Tuesday 11 February 2014

Simplicity by Dave Zajac isn't simple but it is resplendent

Simplicity by Dave Zajac (aka Swordfin Games) is a fantasy roleplaying game system for those who have an inner wrestle between modern fantasy roleplaying games an old school ones.

In the 70s corner is your flared corduroy self with huge mutton chops, tight rainbow jumper and CND medallion. In the modern corner is you in neon Lycra and electric blue Anime hair. You want both. You want the comfortable feel of the stripey sweater your wife burnt and you want the Lycra catsuit you should have stopped wearing years ago. Can Simplicity give you that? Old school but modern? Like retaking high school when you're 40?

It's not

Simplicity isn't. Great name but not true. It's not a monolith but it's not simple. That's OK, I like my RPGs like I like my salad: with some crunch. I'll explain as I go through but let's get that out of the way. If you want simple, pick up Risus or Warrior, Rogue and Mage.

No races, No classes

The first old school trope to be jettisoned are classes and races. Your avatar is built old school style from Body (dancing, carrying, punching), Mind (thinking, arguing, magicking) and Spirit (cajoling, cavorting, commanding). Each is a number between 8 and 23, which gives a modifier and other side-effects such as how much you can carry. From there, you calculate speed, damage reduction, health, equipment and abilities. Abilities (skills) use a skill tree system and each ability changes the rules of play in some way (more on this).

No wishy-washy story-driven life generation or other such modernity here. It's stock old-school.


Performing actions in Simplicty is simple: roll d20, add modifiers larger than 10. If you're hitting something, your weapon will have a die to roll, subtract the enemy's damage reduction (based on armour) and they take that many hits to their health. The old school is booted again with levels being the decision of the GM, not through hacking monsters.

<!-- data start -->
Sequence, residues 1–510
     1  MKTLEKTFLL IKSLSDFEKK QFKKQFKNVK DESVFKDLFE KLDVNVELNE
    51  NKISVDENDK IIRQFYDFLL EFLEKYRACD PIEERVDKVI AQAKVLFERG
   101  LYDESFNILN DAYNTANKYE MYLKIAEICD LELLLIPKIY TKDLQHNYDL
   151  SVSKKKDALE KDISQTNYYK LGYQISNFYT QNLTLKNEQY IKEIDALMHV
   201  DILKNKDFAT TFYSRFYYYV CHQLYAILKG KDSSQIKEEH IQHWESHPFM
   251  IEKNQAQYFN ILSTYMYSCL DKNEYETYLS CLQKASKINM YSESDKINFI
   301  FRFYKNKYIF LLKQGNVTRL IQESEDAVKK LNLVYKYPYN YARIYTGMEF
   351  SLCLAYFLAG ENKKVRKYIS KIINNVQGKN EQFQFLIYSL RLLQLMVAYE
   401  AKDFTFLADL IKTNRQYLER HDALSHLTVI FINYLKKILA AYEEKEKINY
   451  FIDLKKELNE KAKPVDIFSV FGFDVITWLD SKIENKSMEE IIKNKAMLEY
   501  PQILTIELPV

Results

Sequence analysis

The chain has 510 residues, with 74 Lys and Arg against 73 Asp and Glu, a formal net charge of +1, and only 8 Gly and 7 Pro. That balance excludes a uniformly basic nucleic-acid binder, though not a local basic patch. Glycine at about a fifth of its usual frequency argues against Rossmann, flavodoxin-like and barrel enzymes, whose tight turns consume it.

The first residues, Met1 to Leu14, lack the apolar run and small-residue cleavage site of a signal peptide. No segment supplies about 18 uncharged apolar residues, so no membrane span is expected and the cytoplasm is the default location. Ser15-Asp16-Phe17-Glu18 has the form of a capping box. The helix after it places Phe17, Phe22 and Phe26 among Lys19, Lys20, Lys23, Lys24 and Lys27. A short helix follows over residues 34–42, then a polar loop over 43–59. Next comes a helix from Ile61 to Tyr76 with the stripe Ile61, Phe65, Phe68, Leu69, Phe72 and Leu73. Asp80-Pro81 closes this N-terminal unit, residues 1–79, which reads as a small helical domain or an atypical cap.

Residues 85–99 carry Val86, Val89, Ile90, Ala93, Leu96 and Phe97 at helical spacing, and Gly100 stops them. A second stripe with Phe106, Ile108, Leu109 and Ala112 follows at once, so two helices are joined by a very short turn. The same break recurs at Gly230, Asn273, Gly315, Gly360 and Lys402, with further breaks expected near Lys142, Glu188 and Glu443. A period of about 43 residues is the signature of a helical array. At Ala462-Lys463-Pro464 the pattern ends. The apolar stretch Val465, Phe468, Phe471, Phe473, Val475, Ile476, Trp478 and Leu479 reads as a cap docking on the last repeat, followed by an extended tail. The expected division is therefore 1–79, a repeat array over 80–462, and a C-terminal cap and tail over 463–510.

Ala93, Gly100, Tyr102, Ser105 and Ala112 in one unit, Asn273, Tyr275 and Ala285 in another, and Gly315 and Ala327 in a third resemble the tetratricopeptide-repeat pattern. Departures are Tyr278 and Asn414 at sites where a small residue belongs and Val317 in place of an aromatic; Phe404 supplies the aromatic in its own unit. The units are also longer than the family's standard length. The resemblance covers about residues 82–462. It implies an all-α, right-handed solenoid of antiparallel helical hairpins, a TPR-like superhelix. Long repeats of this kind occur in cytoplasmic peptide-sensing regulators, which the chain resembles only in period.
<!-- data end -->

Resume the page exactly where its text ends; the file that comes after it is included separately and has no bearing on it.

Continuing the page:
So, where is the complexity then?

I harp on all the time about crunch entering through the back door. A resolution mechanic can look innocuous (this certainly is) but once you add the skills/abilities to the game, the number of ruling combinations explodes! I like this sort of crunch. It works for me.

This does make the system more complicated because the folks around the table have to keep track of all the effects on the rules of the different abilities. Complexity has also crept in with book keeping (weights for everything, including coinage).

Things that curl my nose

The rulebook feels scattergunned with rules. I would prefer a more ordered layout, particularly extracting all the inline rules (actions, combat, magic) out of character generation and into another chapter. I'd much rather refer to the combat chapter during character generation than have to root through character generation during a combat. I'd also like examples made obvious, perhaps by boxing them out. I'd like some more pictures too. Dave drew the cover, which is lovely! Let's have more of that.

Charming Terroir

Not terror, you heathen; terroir. The book grows out of excellent writing, a neat and not-fussy layout, a GM section that tells you how to build monsters and balance a game. There's even a map. Dave goes further on the website, where you can download a starting adventure, character sheet and optional rules. There's even a back page. If you fancy buying a hardcopy (which I view very much as a time saver for cash-to-burn hobbyists like me) then he provides that too.

Simple is not always good

It is a laudable goal to create a simple roleplaying game. However to create a playable game with just the right level of crunch is no less worthy. Simplicity isn't and that's OK. That's more than OK. This is a well written RPG that has the crunchy elements of the old school while chucking out other tropes with cavalier freedom. It sets out to modernise the old school without washing out any flavour and I feel it succeeds that tricky goal with aplomb.

Dave, thank you for sharing!